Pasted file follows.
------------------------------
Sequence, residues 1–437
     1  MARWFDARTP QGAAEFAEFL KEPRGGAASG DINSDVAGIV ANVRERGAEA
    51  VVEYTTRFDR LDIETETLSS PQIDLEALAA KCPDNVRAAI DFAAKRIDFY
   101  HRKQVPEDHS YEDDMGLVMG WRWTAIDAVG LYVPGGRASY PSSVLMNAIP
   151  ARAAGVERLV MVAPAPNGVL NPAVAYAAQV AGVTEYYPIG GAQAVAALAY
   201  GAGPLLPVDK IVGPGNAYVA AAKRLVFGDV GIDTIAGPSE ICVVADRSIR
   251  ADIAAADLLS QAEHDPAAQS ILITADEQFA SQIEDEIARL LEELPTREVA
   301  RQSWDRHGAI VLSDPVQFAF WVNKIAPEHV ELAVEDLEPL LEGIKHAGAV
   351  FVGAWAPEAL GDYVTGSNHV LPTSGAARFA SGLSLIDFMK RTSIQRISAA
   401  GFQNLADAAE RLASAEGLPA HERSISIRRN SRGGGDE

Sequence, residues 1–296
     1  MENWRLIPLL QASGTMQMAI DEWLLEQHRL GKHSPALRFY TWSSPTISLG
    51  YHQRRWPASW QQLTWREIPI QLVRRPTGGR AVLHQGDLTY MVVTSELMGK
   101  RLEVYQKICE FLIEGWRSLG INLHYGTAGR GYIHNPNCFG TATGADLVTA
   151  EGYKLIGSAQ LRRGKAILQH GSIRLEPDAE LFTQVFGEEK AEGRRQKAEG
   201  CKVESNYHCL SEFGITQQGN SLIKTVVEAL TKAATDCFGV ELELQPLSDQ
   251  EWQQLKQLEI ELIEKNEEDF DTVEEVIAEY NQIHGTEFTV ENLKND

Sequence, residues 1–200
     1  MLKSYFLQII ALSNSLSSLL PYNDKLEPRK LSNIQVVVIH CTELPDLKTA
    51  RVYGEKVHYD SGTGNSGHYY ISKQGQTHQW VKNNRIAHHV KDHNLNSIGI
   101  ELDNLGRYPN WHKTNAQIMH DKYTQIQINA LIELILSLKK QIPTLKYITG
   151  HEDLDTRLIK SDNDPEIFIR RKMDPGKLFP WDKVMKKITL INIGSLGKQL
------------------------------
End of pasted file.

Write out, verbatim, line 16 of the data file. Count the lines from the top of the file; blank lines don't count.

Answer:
   201  CKVESNYHCL SEFGITQQGN SLIKTVVEAL TKAATDCFGV ELELQPLSDQ